You also have little sheets of paper at things like Harvest Festival and your Crib Service, which people are handed when they come in, and say something like, “welcome to our Harvest Festival! We’re so glad you’re here. We’d love to invite you to other events – if this is okay, please fill in your details below.”
A sidesperson is on duty to gather in these slips as people leave the church at the end of the service, and pass them on to be added to the mailing list.
When you have an event coming up – e.g. a Mothering Sunday service – you send out email reminders to everyone who’s allowed you to have their details. You may send out one big mailing, or you may change it slightly for different audiences. Send out a reminder maybe a month in advance, another a week in advance, another with 48 hours to go. Having templates or standardised wording can make this as easy as possible. (nb: for privacy reasons, if you’re using regular email and not a programme like Mailchimp, put your own email address in the ‘To’ field and have every other email address in the BCC field, so nobody can see who else the email is going to.)
Okay, so print media is dead and it’s all email now, is it?
Nope! You can also print out leaflets for your events, and, especially if you have a lot of foot traffic past your church, use your noticeboard. Dr. Millar says it takes seven different contacts for someone to take one action. Just think – you don’t book cinema tickets the second you first see an advert on the side of a bus, do you? You note the poster and think, “ooh, that looks good.” Then you see a preview, and go, “oh, yes, I must remember to go to that!” Then you see another poster. Then your friend mentions they’d like to see it, and you think, “yes, I keep meaning to see that!” And finally, eventually, you buy tickets.
If you have connections in the community, with schools or businesses, ask if you can leave leaflets out in their premises. Many chain coffee shops, and some supermarkets, also have Community Notice Boards where people are allowed to put up flyers. You can also, if you have the volunteers, individually leaflet every house in the parish, but this may be reserved for once or twice a year only.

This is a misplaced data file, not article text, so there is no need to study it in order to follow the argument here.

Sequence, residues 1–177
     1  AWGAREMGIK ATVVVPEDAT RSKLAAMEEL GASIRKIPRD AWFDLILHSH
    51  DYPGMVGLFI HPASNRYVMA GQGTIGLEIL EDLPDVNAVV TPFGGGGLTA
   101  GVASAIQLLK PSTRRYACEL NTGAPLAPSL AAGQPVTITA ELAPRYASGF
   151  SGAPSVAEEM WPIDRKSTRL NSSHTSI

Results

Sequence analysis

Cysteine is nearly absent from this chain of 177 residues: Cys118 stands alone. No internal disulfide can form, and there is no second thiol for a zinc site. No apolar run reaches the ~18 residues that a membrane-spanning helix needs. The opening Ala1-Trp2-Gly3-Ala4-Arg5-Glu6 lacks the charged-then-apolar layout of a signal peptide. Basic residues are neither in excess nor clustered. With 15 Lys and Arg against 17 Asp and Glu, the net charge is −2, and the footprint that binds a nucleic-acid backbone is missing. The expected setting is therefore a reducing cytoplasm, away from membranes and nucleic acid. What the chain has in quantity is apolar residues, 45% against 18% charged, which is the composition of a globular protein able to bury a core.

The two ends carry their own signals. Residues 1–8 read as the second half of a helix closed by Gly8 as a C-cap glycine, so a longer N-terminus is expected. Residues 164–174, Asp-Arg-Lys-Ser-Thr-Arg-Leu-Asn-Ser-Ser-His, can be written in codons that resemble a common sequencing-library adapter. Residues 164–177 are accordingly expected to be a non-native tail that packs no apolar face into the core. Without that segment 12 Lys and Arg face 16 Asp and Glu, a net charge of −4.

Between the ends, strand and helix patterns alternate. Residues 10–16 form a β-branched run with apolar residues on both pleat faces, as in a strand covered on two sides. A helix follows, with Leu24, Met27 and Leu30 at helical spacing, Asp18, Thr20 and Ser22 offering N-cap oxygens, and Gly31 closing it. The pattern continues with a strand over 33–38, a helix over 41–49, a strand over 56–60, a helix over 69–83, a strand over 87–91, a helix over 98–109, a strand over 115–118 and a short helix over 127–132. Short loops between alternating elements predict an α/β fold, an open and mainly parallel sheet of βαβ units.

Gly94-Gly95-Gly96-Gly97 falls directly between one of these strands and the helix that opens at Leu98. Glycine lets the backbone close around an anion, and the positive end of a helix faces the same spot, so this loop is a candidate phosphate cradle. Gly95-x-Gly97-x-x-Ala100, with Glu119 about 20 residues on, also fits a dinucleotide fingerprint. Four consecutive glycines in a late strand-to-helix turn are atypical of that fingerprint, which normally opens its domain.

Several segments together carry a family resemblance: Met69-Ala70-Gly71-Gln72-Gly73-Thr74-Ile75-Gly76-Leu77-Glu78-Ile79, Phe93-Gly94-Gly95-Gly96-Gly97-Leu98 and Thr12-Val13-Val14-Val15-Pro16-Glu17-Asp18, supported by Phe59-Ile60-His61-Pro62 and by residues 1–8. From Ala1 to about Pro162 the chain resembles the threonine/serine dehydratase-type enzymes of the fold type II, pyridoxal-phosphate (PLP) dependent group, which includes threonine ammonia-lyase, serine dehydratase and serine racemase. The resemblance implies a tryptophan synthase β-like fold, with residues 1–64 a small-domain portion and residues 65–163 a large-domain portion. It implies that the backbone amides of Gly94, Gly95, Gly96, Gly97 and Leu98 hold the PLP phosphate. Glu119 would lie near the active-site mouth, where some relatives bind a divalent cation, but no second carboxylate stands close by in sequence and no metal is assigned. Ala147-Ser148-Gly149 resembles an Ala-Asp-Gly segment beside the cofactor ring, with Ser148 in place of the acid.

Announce your event at services – and if you have multiple congregations, don’t assume they won’t be interested in each other’s events. If your Sunday morning congregation is doing an All-Age Mothering Sunday Service, your Messy Church families might like to come, and vice versa. Mention your church’s pancake party at your Baby and Toddler Group. Cross-pollinate your events.
Are there any places in the parish that might specifically be interested in this particular event? One church I’m working with is planning their first ever pet blessing service – if you have a veterinary surgery or a pet shop in your parish, get in touch with them and see if they can take leaflets or promote it for you.
A note about leaflets, from Becky Guynn – every leaflet should have your church’s logo on it, and contact information. Ideally, they should all be in the same colour scheme, and roughly the same layout. This will create a recognisable “brand” for people in your community – “oh yes, that church with the red and orange lettering, and the logo with a boat on it – I’ve seen their stuff around.” Our memories are very visual – make it easy for people to remember you and connect you with things they’ve seen before! See below for how I’ve put this into practice with some of our events: